The Two C-s of Liina Siib

Giedre Bartelt

Like any other intelligent work of art, the art of Liina Siib also consist of different planes. A less demanding contemporary would probably happily contemplate the perfectly composed large-format colour photographs – ‘well done’, he would perhaps say, using the popular term in gastronomy. The traces of (digital) treatment are skilfully concealed so that the viewer suddenly finds himself like Alice in Wonderland: man-sized toy animals all around, huge trees, troops consisting of tiny soldiers… A more conscientious contemporary, on the other hand, can not believe his eyes and tries to find some sort of concept. The first impression can be a bit deceptive: every one of us considers himself an expert in the subject of childhood and cinema, which runs through Liina Siib’s works.

1. Cinema
We have all seen hundreds of films. Already Vladimir Ilich – (Lenin) talked about cinema as art belonging to the people (“Film is the highest form of art”). Ever since the bothers Lumière, films have been a constant topic of conversation, they have evoked tears and laughter, the directors have been revered as saints, viewers imagine marrying or divorcing film actors and keenly follow the increasingly colourful gossip columns in the press. But how many of us could actually talk about, say, Nouvelle Vague, one of the most significant wave of film movement of the 20th century, or count the most successful American film studios or the major films of truly great actors, or perhaps Orson Welles?! It could be that even Liina Siib does not know quite everything. However, this is not what really matters, because she knows what every film watcher has dreamed at least once: instead of passive watching she prefers the hands-on approach. For Liina who has grown up among the generation of decent and seemly soviet youth, the newly emerged opportunities certainly have a certain psychotherapeutic effect. The underage and morally impeccable citizens of the late Brezhnev era all fervently wished that the protagonist of the most famous animated cartoon of the time, Nu pogodi! (Just You Wait!), the charismatic and charming, albeit degenerate Wolf who represented the un-soviet elements, would capture his opponent, the politically correct Rabbit, the young pioneer. Despite the obligatory communist moral code, the status of the film could be compared with that of today’s ‘cult’ films.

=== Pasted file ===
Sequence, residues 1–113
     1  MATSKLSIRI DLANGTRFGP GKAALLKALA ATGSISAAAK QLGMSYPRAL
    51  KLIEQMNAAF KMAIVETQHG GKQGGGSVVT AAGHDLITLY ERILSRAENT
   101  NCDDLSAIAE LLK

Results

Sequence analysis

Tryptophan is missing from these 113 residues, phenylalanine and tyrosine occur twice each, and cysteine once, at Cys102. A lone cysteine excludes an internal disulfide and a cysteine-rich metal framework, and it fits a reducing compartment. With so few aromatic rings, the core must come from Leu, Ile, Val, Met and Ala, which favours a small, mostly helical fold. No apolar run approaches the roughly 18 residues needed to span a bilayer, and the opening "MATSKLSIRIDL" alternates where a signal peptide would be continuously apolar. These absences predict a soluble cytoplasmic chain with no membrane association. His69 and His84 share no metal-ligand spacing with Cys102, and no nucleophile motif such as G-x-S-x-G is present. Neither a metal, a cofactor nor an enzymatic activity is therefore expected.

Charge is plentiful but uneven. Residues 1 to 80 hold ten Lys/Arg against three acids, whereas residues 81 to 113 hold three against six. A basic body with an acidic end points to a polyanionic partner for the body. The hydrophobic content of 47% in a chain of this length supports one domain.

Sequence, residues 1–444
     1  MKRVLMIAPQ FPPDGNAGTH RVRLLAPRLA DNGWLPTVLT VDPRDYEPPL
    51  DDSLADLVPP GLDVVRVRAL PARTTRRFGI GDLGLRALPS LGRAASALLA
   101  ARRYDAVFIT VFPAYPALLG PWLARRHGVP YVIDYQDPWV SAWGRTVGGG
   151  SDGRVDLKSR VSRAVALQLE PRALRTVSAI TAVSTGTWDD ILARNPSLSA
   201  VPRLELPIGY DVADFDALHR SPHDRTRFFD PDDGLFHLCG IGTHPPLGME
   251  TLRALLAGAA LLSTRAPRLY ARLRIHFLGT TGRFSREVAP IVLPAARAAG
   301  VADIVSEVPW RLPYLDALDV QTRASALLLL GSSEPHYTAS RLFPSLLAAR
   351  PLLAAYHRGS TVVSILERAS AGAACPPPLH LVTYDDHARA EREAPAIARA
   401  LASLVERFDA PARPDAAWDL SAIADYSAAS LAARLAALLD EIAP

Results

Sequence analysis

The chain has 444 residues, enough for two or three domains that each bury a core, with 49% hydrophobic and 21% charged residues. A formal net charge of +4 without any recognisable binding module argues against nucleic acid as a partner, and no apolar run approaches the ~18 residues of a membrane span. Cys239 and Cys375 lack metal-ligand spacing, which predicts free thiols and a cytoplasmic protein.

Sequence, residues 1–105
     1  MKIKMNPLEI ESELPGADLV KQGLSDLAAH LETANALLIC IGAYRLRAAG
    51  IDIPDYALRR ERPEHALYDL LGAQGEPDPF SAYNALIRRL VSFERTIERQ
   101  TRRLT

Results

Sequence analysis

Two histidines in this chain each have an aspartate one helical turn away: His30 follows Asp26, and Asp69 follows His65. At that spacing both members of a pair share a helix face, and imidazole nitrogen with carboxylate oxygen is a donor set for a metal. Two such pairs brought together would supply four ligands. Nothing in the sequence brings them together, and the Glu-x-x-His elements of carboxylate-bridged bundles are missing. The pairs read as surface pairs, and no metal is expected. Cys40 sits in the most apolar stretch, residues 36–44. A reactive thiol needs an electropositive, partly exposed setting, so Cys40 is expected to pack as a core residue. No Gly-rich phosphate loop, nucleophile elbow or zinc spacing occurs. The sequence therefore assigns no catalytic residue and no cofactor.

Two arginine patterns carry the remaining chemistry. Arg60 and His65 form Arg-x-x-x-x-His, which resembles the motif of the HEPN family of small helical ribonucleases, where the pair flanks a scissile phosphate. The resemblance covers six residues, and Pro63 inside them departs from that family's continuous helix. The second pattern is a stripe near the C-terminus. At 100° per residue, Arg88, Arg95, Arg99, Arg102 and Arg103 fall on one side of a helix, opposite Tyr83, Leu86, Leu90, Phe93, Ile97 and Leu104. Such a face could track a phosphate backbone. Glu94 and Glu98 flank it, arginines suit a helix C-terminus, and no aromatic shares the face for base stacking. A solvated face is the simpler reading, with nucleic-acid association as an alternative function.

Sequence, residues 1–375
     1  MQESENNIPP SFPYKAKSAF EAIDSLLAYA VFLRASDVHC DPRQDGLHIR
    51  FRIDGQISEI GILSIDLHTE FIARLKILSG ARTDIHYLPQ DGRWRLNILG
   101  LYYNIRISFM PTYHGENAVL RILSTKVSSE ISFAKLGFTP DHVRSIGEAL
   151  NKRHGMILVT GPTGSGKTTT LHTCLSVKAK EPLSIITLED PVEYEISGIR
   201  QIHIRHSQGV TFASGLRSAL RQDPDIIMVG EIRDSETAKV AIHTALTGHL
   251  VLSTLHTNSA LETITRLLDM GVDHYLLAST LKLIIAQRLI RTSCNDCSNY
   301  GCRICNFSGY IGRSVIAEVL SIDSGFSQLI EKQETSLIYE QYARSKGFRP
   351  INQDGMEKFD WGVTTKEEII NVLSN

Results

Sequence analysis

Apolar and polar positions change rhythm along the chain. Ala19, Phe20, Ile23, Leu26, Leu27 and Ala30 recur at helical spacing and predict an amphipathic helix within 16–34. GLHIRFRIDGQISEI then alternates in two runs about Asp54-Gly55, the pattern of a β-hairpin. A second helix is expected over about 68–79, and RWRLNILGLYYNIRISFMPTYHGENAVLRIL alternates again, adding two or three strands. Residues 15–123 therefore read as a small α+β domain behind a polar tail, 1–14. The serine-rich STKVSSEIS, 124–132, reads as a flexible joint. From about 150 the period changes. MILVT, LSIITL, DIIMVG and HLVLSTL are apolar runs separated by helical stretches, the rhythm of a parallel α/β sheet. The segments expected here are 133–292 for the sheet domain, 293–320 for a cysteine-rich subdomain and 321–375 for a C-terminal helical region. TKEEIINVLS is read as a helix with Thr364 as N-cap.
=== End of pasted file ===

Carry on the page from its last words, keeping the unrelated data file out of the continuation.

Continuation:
Liina Siib has produced a series of film posters, perhaps subconsciously inspired by the unfortunate Wolf and his fate in the soviet era. This constitutes homage to all those mistreated tomcats, witches, young lovers and other similar good-for-nothings, morally condemned on screen, who despite their appeal and intelligence always end up losers, or are simply taken for a ride. Liina’s posters could be a compensation game for the fantasising adults, just like playing with the Lego. For example one can fall in love with the pretty Kitty Dove (aficionados of cartoons try that with Zukini Hazushi or Shikki Sabi), marry her, or let her suffer amorous torment as a punishment for her beauty, or even let her die. In the world of beautiful actresses, the inevitable types of supporting male roles, such as Herbert Hummer or Galeazzo Musso, can now despise Kitty, rape her, lose sight of her or kill her … Such ‘personal creative company’ offers endless possibilities to invent various combinations, in addition the choice of music and costumes, with which one can play around and come up with several solutions.